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Water Science Photo Gallery
Suspended-Sediment Sampling and Turbidity

Here, a U.S. Geological Survey (USGS) hydrographer is collecting a suspended-sediment water sample from the Little Colorado River, a kilometer upstream from the Colorado River, Grand Canyon, Arizona, USA. To gain knowledge of the suspended-sediment characteristics of the entire river (water quality can vary greatly across a river), suspended-sediment water samples have to be collected in multiple cross-section intervals (notice the string going horizontally across the picture, which allows the hydrographer to sample in a straight line across the river). Suspended-sediment concentrations vary horizontally across the river and also vary vertically with depth, so the sampler must also sample vertically by moving the sample bottle up and down at a constant speed, being careful not to hit the stream bed, which could cause bottom sediment to rise into the water column.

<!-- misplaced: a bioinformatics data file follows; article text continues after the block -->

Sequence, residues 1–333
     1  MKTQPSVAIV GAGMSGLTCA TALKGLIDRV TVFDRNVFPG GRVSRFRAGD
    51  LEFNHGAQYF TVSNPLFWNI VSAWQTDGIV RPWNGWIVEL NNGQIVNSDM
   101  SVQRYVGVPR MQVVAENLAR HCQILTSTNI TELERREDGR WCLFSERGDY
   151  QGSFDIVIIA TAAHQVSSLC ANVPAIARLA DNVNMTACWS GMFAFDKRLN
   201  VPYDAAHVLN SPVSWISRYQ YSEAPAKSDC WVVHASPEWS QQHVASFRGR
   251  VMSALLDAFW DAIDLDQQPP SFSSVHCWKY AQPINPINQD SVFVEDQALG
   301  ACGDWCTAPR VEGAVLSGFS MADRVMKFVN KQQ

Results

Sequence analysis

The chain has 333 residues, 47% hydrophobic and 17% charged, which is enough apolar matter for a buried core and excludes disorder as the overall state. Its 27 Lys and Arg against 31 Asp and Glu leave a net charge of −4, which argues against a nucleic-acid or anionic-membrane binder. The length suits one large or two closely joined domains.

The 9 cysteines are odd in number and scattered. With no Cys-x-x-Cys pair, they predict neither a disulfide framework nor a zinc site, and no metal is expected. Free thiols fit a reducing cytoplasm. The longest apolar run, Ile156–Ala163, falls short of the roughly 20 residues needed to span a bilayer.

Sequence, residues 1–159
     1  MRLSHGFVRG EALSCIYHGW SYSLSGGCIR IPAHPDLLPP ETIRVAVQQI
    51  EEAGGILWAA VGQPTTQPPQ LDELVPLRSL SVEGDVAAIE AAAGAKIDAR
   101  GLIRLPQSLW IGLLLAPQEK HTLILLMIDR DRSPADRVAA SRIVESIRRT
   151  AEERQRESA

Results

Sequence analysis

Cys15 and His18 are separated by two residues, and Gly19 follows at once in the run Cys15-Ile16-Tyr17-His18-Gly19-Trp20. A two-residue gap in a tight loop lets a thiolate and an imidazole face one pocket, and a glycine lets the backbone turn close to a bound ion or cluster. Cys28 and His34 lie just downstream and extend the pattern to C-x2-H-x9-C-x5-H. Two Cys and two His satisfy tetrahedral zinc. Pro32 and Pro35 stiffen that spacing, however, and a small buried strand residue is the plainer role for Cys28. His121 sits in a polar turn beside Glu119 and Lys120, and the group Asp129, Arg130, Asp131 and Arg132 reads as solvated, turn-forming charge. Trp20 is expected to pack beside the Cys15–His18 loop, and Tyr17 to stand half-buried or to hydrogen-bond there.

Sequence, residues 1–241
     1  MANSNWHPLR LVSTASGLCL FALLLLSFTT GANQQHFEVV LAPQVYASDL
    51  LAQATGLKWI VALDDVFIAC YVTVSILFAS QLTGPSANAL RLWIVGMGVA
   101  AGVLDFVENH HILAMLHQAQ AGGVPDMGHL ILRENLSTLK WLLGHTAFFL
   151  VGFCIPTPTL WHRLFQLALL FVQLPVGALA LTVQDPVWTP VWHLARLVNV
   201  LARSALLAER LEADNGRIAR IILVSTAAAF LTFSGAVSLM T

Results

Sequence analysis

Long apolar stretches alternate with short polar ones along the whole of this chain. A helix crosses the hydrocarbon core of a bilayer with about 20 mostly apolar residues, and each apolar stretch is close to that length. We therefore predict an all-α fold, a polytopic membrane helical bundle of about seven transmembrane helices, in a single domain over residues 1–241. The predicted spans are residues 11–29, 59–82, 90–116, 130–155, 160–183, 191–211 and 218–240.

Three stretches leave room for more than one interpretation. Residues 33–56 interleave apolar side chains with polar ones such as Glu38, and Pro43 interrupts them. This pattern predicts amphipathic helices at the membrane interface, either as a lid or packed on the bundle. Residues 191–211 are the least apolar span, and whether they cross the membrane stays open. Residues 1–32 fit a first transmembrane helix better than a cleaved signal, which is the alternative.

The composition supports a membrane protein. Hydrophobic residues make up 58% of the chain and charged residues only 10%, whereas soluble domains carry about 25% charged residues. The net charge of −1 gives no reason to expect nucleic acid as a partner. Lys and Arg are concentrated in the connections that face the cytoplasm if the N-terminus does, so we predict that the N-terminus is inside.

The hydrographer carries numerous glass bottles, using one bottle for each cross-sectional location. The bottle is secured in the metal sampler and there is a tube in the front of the sampler to allow water to enter the bottle at a controlled rate, while letting out air from inside the bottle. The very brown water here indicates the presence of a lot of fine dirt particles and the turbidity of this water is very high.

 Back to: Sediment | Turbidity | Impervious surfaces

A USGS hydrographer collecting a suspended-sediment water sample from the Little Colorado River, a kilometer upstream from the Colorado River, Grand Canyon, Arizona, USA

Credit: USGS

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Page Last Modified: Thursday, 06-Mar-2014 14:30:53 EST